At 4 p.m. as the temperatures cool, the afternoon game drives begin. Male lions awake and stretch, lionesses hunt, leopards climb down from their trees and elephants and antelope move onto grassy meadows. As the sun sets, you stop on the trail for a class sundowner – wine, spirits, beer, crackers and cheese on the tailgate. As dusk falls, male lions begin to roar, hyenas cackle and the ponds are alive with a deafening chorus of frogs.
By 8 p.m., you’re back in camp and gathering for dinner, a leisurely four-to-five course meal served with wine at family-style tables. The travelers, numbering from eight to 26, depending on the lodge, compare the day’s wildlife sightings before heading to bed – escorted by a guide.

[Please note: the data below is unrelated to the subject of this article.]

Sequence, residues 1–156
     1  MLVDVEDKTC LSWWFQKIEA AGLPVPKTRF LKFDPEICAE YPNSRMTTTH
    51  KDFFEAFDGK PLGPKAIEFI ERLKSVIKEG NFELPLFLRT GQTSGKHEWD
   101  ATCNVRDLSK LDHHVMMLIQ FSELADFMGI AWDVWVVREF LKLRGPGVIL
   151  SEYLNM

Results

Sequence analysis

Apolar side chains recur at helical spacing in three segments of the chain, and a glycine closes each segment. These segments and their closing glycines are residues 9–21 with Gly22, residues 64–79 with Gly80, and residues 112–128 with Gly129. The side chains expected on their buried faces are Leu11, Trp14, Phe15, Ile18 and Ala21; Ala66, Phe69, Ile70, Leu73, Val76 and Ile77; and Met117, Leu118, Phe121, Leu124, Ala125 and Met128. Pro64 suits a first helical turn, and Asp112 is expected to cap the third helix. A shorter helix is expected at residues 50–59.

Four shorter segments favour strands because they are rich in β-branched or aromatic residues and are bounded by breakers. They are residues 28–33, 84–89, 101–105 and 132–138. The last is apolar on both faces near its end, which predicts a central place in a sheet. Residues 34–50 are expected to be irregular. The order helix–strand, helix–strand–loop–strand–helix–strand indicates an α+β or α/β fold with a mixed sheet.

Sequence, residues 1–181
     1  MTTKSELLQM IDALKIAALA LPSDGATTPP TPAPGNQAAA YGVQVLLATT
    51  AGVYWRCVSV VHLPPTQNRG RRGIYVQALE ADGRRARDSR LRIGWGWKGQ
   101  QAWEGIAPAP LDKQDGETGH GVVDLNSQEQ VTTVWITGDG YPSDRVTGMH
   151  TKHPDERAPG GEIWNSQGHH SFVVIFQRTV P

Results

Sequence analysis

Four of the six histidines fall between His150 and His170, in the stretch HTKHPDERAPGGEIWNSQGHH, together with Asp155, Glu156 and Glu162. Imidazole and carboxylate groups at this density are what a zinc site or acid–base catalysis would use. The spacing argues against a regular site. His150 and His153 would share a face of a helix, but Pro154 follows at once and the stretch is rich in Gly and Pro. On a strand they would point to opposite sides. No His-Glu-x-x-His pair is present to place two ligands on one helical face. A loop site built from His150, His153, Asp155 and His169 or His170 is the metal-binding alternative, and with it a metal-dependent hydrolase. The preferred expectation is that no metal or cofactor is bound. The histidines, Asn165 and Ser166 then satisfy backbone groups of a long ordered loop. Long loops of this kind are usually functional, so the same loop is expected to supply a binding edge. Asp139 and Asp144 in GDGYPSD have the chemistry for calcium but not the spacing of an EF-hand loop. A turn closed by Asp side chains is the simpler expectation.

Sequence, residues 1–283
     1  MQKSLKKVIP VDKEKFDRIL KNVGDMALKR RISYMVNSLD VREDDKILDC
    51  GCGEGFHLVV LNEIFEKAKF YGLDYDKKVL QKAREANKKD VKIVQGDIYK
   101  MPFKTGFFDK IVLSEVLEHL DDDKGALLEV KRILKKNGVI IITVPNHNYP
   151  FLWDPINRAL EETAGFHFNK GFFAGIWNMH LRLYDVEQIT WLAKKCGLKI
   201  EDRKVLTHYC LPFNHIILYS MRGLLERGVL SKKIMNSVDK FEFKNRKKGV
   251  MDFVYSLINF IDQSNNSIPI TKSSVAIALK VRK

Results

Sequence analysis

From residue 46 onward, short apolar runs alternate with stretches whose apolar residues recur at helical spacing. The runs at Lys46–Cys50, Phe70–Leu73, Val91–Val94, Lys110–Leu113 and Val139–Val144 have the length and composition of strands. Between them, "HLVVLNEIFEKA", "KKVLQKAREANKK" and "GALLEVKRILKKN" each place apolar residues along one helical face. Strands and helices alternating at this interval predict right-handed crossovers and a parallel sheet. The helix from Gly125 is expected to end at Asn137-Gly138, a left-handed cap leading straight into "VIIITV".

Most travelers visit three lodges, staying several days in each. We added a fourth, going from Chobe Chilwero Lodge, south of Victoria Falls. On each transfer day, you pack your bag early and join the morning game drive as usual. Afterwards, your guide drives you to the air strip, usually a grassy field, where a high-wing single-engine plane lands and delivers arriving guests. Your bags are loaded, you buckle up, the the plane takes off and 30 minutes later you’re eating lunch at the next lodge on your itinerary.
GAME DRIVE ETIQUETTE: